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QuickStats: Death Rates* for the Three Leading Causes of Injury Death--- United States, 1979--2007

The figure shows death rates for the three leading causes of injury death in the United States during 1979-2007. In 2007, the three leading causes of injury deaths in the United States were motor vehicle traffic, poisoning, and firearms. The age-adjusted death rate for poisoning more than doubled from 1979 to 2007, in contrast to the age-adjusted death rates for motor vehicle traffic and firearms, which decreased during this period. From 2006 to 2007, the age-adjusted poisoning death rate increased 6%, whereas the motor vehicle traffic death rate decreased 4%, and the firearms death rate did not change.

* Per 100,000 population. Age-adjusted to the 2000 U.S. standard population.

Injuries are from all manners, including unintentional, suicide, homicide, undetermined intent, legal intervention, and operations of war. Poisoning deaths include those resulting from drug overdose, those resulting from other misuse of drugs, and those associated with solid or liquid biologic substances, gases or vapors, or other substances such as pesticides or unspecified chemicals.

§ In 1999, International Classification of Diseases, 10th Revision (ICD-10) replaced the previous revision of the ICD (ICD-9). This resulted in approximately 5% fewer deaths being classified as motor vehicle traffic--related and 2% more deaths being classified as poisoning-related. Therefore, death rates for 1998 and earlier are not directly comparable with those computed after 1998. Little change was observed in the classification of firearm-related deaths from ICD-9 to ICD-10.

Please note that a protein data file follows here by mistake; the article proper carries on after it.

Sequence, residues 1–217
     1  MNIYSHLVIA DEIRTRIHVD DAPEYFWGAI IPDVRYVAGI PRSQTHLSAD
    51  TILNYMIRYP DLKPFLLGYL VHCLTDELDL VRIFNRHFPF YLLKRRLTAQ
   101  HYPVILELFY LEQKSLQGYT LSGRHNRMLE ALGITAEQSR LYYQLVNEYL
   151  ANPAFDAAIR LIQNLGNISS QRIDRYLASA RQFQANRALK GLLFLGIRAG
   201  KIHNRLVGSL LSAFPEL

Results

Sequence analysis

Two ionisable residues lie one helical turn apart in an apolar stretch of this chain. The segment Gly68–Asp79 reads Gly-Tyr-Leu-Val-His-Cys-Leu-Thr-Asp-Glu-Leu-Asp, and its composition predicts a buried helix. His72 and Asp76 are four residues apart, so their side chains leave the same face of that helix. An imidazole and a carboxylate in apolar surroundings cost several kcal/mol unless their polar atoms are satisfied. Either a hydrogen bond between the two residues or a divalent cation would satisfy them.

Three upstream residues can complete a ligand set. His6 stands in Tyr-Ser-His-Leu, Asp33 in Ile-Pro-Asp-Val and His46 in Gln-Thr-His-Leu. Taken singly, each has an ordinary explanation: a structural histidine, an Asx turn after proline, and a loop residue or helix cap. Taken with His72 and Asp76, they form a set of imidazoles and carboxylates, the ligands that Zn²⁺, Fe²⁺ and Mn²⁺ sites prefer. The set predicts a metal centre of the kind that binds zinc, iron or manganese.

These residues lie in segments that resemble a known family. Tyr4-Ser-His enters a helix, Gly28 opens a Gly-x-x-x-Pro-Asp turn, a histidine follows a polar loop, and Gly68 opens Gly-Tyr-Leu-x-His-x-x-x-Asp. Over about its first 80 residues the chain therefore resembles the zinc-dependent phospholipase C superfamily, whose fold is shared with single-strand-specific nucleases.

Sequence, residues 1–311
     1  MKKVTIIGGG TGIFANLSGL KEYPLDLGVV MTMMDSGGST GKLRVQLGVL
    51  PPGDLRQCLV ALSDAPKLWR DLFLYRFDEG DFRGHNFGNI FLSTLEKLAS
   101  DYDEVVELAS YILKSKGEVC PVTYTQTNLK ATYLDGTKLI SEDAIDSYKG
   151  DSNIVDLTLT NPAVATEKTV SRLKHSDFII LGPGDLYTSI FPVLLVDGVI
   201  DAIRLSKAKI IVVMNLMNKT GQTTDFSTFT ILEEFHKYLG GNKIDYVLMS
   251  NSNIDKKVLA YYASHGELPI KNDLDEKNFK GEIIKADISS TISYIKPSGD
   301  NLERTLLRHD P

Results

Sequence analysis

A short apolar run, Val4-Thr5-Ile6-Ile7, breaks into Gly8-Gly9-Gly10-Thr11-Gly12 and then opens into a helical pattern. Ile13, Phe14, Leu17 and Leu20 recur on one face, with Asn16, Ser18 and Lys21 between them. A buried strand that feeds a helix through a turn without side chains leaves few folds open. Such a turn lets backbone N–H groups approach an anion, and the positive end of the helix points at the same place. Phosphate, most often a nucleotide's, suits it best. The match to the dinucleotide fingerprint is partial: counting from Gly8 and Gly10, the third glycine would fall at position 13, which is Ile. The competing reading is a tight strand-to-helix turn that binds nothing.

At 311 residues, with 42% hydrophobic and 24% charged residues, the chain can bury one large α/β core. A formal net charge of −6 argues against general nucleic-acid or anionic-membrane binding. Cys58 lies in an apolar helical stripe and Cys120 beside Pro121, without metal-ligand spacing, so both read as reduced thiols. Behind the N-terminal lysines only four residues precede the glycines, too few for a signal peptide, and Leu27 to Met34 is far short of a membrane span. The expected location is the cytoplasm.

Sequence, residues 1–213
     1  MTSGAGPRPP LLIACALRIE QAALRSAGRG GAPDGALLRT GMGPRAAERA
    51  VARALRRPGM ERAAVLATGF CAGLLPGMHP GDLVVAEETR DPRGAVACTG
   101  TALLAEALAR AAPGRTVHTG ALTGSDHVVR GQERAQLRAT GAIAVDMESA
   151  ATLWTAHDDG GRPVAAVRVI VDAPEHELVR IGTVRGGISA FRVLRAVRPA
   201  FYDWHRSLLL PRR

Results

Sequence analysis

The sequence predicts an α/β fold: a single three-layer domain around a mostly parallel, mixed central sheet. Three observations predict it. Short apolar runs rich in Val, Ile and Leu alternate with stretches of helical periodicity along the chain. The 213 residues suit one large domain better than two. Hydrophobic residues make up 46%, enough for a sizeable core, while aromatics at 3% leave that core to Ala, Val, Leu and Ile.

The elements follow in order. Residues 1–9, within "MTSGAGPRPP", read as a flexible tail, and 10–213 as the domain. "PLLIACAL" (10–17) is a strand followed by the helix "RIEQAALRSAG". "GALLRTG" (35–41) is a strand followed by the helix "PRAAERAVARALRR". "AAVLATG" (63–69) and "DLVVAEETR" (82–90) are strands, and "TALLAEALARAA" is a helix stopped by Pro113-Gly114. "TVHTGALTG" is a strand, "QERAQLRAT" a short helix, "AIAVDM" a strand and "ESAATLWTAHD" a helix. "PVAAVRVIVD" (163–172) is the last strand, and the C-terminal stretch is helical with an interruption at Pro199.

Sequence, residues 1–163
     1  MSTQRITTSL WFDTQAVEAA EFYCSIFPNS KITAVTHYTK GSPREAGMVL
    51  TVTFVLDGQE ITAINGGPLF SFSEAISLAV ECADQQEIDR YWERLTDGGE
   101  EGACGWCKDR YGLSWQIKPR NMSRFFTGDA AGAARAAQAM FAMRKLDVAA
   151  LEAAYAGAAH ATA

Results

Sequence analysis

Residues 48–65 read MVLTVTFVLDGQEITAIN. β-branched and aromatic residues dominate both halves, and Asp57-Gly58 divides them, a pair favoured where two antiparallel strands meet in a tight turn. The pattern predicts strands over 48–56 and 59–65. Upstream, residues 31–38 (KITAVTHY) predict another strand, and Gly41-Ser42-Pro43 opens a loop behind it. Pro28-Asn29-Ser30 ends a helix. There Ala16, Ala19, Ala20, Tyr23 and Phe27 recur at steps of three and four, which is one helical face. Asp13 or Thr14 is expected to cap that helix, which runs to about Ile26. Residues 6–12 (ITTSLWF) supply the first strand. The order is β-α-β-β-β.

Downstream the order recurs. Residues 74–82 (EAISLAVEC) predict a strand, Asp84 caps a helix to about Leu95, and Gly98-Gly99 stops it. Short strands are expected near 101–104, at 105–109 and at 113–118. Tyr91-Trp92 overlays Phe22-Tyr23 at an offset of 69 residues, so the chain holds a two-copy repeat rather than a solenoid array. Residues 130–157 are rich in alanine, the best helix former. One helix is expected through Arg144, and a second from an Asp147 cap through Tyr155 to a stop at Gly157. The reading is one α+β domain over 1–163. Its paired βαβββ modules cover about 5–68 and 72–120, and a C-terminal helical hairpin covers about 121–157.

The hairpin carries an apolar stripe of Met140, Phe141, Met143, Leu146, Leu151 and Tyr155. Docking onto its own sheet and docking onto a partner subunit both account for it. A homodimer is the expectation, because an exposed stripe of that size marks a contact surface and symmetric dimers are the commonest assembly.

In 2007, the three leading causes of injury deaths in the United States were motor vehicle traffic, poisoning, and firearms. The age-adjusted death rate for poisoning more than doubled from 1979 to 2007, in contrast to the age-adjusted death rates for motor vehicle traffic and firearms, which decreased during this period. From 2006 to 2007, the age-adjusted poisoning death rate increased 6%, whereas the motor vehicle traffic death rate decreased 4%, and the firearm death rate did not change.

Sources: National Vital Statistics System, mortality data, available at http://www.cdc.gov/nchs/deaths.htm.

CDC WONDER, compressed mortality file, underlying cause-of-death, available at http://wonder.cdc.gov/mortsql.html.

Alternative Text: The figure above shows death rates for the three leading causes of injury death in the United States during 1979-2007. In 2007, the three leading causes of injury deaths in the United States were motor vehicle traffic, poisoning, and firearms. The age-adjusted death rate for poisoning more than doubled from 1979 to 2007, in contrast to the age-adjusted death rates for motor vehicle traffic and firearms, which decreased during this period. From 2006 to 2007, the age-adjusted poisoning death rate increased 6%, whereas the motor vehicle traffic death rate decreased 4%, and the firearms death rate did not change.



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